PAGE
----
Monday, April 14, 2014
CH.—νὴ τὸν κύνα—My translation of the song:
MAC.—Did not I tell you that a clergyman, a predestinated Dean, and a probable Bishop of the Anglo-Catholic Church of Christ in Great Britain, should not swear?
CH.—You are quite right; it was a bad habit we learned at College—I mean swearing in Greek; we thought there was no harm in that; besides, the man who uses that asseveration, which you call swearing, was a Saint.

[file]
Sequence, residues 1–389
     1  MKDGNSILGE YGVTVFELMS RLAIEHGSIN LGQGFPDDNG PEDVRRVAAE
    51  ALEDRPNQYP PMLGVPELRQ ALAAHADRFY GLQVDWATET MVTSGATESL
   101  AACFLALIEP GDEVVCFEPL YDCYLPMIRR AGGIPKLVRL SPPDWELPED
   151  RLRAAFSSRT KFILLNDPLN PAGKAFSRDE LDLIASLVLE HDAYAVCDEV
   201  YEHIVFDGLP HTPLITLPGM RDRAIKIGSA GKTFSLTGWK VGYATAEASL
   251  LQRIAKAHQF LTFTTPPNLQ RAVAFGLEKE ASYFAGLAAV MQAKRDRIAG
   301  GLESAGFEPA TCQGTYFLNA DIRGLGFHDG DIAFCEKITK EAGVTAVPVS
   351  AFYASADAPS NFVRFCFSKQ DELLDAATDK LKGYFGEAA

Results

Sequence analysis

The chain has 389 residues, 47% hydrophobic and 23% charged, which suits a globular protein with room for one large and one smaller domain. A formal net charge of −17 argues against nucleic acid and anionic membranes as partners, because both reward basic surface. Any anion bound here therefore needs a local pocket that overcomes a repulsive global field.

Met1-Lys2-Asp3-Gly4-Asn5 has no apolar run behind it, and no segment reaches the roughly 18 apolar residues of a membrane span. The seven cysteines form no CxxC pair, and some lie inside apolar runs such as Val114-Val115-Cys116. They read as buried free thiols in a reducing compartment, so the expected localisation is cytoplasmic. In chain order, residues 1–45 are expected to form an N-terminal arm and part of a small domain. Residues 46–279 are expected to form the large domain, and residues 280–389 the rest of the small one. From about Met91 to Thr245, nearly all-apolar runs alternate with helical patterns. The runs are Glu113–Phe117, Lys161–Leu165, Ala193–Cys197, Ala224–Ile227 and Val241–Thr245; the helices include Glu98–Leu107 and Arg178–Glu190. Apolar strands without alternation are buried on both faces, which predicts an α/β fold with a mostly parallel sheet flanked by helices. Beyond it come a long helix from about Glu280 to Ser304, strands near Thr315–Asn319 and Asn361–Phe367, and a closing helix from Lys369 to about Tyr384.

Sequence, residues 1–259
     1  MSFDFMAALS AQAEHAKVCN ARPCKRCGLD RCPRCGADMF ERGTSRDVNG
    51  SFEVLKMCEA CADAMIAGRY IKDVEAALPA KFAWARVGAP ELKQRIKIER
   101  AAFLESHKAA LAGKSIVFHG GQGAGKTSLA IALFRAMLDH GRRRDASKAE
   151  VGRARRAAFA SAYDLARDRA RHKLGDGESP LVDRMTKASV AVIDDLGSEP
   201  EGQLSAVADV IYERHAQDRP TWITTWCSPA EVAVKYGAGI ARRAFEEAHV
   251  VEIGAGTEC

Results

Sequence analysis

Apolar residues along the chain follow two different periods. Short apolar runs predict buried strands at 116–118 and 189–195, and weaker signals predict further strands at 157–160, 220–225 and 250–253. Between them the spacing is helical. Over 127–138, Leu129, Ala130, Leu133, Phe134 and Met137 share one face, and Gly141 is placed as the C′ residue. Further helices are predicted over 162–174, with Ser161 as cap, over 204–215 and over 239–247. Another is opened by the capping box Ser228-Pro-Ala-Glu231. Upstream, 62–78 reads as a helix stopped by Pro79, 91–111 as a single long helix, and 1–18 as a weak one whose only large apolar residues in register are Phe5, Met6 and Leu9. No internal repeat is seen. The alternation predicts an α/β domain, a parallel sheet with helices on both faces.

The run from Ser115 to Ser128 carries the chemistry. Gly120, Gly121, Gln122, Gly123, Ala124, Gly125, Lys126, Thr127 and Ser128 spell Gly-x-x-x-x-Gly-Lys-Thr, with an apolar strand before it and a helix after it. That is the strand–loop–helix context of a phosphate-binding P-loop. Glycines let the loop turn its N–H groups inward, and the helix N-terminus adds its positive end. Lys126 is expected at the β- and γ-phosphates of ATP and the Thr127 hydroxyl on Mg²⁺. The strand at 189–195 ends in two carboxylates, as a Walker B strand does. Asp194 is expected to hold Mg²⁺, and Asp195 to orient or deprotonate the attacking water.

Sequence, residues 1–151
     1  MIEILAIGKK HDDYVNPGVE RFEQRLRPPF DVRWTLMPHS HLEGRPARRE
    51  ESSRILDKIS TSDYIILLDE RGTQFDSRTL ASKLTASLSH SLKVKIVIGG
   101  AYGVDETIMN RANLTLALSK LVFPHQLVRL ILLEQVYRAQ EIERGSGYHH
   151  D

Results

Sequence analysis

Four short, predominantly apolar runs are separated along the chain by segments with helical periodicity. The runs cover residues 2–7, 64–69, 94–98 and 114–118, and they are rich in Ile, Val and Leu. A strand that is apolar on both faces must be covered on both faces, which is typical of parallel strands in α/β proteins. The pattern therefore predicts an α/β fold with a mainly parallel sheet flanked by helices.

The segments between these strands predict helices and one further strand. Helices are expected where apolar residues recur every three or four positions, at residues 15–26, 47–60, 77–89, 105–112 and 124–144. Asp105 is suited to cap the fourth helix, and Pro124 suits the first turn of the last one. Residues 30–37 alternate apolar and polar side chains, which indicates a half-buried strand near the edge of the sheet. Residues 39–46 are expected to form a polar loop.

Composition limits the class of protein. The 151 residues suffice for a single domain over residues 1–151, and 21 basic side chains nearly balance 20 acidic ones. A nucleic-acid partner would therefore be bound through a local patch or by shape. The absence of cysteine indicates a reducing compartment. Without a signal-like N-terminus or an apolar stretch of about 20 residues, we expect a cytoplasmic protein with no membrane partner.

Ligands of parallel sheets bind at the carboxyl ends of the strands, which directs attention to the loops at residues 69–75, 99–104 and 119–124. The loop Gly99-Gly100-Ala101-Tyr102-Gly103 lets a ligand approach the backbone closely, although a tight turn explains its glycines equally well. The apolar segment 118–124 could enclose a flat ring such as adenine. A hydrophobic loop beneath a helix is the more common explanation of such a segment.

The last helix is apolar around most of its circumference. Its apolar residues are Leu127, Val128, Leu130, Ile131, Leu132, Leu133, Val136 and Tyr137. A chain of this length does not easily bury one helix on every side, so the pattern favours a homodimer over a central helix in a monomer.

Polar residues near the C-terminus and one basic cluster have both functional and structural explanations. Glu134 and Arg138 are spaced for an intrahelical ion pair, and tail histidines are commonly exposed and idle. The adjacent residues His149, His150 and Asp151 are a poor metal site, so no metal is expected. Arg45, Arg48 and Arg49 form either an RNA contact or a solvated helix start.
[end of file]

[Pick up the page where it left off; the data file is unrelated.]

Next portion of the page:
MAC.—(Singing to the tune of the Litany of the Virgin—Sancta virgo virginum—that used to be sung by the Roman people at vespers in the street corners.)
O Sancte Socrates, ora pro nobis,
σοφῶν σοφώτατε, ora pro nobis,
λογίων λογιώτατε, ora pro nobis,
λαλῶν λαλίστατε, ora pro nobis,
σιμῶν σιμώτατε, ora pro nobis!
O Saint Socrates, pray for us,The oath (νὴ τὸν κύνα) means "by the dog."
Wisest of the wise, pray for us,
Most learned of the learned, pray for us,
Most talkative of the talkative, pray for us,
Most snub-nosed of the snub-nosed, pray for us!
Related post: The Company of Saints.